Welcome to my blog! This week I’m talking about personal heroes, unusual meeting places and the art of public speaking.
Started the week with a 7am rendezvous at a famous freshwater pond in London. Yes, believe it or not, I’d arranged to meet one of our investors at Hampstead Ponds for an invigorating outdoor swim and breakfast meeting. However, the early start threw me a little…and I’m sorry to say I arrived too late to join him for the swim! Instead, we caught up over breakfast in the cosy café.
Then I headed straight to the office to work on packaging designs for one of our new branded products. I want the first Unforgettable products to look so professional that they would sit happily on a shelf in John Lewis. Products in this market have, historically, suffered from low levels of investment and ambition… but we’re determined to change all that. I also spent time looking at final pages of our first catalogue, which comes out at the end of the month. It’s a substantial 56 pages and it’s looking really good. I finished the day by preparing a speech for tomorrow and ended up working late.
I had a really great meeting with Richard Adams, the founder of Fairtrade and Traidcraft, and Phil Wells, former director of the Fairtrade Foundation. Richard is a personal hero of mine – he invented ethical shopping – so it was fantastic to chat to him about Unforgettable, and to hear his own insights and experience.
One area I was keen to learn more about was how Fairtrade managed to raise awareness (and sales) of its products in the community by building links with churches. It was interesting to explore the idea of direct, community sales with Richard and Phil, and to discuss how a similar model might also work for Unforgettable. I’m very grateful to both of them for their time.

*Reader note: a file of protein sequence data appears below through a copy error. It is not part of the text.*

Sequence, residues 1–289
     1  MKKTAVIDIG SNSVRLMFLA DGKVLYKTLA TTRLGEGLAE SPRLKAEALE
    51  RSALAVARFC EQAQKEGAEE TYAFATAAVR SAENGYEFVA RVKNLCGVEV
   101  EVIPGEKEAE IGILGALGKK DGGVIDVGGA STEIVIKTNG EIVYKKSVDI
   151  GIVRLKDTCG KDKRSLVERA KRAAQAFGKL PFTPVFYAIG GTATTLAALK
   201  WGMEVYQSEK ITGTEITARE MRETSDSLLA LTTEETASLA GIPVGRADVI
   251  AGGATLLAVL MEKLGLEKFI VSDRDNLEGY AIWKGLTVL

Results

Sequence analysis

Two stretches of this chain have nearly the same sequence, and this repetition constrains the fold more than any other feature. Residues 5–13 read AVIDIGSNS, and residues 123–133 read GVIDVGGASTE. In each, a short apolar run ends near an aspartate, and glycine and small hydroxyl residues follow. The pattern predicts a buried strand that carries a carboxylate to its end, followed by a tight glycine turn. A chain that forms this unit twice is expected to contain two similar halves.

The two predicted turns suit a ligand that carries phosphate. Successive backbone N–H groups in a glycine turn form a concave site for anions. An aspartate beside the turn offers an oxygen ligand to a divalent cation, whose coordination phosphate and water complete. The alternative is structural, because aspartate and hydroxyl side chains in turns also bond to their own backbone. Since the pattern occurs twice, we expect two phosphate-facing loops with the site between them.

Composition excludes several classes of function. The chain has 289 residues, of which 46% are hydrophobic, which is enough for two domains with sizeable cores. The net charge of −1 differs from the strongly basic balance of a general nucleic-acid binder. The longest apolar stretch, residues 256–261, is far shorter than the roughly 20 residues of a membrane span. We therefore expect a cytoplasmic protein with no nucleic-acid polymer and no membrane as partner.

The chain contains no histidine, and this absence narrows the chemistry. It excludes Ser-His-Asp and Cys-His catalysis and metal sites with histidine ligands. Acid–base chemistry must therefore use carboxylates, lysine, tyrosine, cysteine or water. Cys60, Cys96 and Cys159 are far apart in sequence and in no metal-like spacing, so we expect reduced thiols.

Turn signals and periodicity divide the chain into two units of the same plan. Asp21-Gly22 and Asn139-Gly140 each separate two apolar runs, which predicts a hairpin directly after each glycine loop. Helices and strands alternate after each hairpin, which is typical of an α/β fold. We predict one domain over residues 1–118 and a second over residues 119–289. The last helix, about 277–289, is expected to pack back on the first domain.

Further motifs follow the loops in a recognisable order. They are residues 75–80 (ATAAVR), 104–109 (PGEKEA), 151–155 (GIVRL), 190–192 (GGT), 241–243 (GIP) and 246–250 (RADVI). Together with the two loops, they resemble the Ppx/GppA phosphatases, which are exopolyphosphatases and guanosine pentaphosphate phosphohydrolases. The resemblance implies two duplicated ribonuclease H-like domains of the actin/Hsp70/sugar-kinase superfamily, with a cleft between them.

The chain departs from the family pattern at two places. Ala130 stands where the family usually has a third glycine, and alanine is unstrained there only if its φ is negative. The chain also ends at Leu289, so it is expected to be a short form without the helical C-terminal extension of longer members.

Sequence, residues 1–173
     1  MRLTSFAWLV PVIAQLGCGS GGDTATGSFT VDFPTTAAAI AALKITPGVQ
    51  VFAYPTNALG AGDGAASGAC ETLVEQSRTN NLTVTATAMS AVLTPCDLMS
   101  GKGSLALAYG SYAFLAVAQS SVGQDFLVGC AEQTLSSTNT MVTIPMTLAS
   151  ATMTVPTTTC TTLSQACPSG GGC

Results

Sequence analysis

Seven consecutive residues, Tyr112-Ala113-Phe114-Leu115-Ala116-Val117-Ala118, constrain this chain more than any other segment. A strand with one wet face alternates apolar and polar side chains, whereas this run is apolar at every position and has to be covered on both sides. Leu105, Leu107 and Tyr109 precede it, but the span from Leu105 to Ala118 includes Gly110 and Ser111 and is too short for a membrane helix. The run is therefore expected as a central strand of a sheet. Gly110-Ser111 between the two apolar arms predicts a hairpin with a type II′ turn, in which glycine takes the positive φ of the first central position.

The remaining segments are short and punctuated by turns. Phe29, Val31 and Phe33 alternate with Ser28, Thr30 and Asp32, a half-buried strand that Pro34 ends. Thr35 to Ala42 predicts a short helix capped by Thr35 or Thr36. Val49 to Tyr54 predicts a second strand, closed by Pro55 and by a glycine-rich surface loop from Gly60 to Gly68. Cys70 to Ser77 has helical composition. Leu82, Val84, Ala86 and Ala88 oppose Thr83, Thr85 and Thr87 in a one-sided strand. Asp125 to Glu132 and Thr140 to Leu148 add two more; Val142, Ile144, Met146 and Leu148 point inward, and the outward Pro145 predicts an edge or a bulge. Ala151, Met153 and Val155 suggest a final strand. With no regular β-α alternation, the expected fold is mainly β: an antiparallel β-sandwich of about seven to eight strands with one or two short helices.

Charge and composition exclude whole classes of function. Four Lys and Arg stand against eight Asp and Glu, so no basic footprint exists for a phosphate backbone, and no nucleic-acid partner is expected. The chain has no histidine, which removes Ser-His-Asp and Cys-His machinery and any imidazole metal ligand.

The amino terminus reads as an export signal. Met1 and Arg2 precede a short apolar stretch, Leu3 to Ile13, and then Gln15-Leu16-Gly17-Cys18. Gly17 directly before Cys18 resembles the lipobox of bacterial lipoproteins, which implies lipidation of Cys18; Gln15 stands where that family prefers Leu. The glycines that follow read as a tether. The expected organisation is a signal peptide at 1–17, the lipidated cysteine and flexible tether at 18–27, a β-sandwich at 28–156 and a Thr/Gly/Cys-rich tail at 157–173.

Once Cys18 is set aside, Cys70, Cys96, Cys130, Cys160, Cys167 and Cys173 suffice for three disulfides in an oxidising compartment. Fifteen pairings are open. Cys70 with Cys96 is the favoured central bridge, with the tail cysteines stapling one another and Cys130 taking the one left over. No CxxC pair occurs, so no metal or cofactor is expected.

Another early start. This time, it was for an interview with Laura Whateley, a journalist for The Times. It was a wonderful, really positive interview and I came away feeling inspired. I then got on a train to Swindon for my next appointment as guest speaker (the first time I’ve ever been called that!) at a carer’s meeting for Avon and Wiltshire Mental Health Partnership NHS Trust.
Around 150 carers came along and, as ever, it was an amazing experience – probably the most enjoyable I’ve had so far. It was also heartening to hear that many carers already knew about Unforgettable and were keen to give ideas and feedback.
Afterwards I went back to the office to work on another speech for later in the week.
I started the day doing more work on our branded product packaging. I also gave the team some feedback on our new website design which is starting to go live in the next couple of weeks. I was then interviewed by Laura Shannon, Personal Finance journalist for The Mail on Sunday about Unforgettable’s new Lasting Power of Attorney service which is attracting a lot of media interest.
Later, I spoke to Laura Denning Kemp at Nuffield Heath. Nuffield is taking a very innovative approach to making their hospitals dementia-friendly. It’s really exciting to be working with them. I also spoke to Zoe McWhirter from Housing & Care 21, the UK’s largest non-profit care and housing provider which is also keen to improve dementia facilities in its Extra Care housing. It’s great to hear from organisations like these two, which are taking such a proactive stance.
At 6pm I went off to an event at WeWork South Bank which was run by a fantastic organisation called beyondme.org which connects charities with young professionals who are willing to give their skills, time and money to help charities grow and prosper. I was invited to give a talk about Unforgettable and what we do as a way to inspire other social entrepreneurs. It was another really enjoyable event.
Giving talks and making speeches is a significant part of my role as founder of Unforgettable. This week I’ve been out and about quite a lot. Talking to people regularly really helps to inspire me and reinforce my belief that what we’re doing is right. Of course, it would be easier NOT to do it, and to just sit in front of a computer getting on with work, but when I meet carers and professionals working in this area I’m always so grateful for their interest and enthusiasm about what we’re doing, they teach me so much. So a big thank you to everyone I’ve met this week.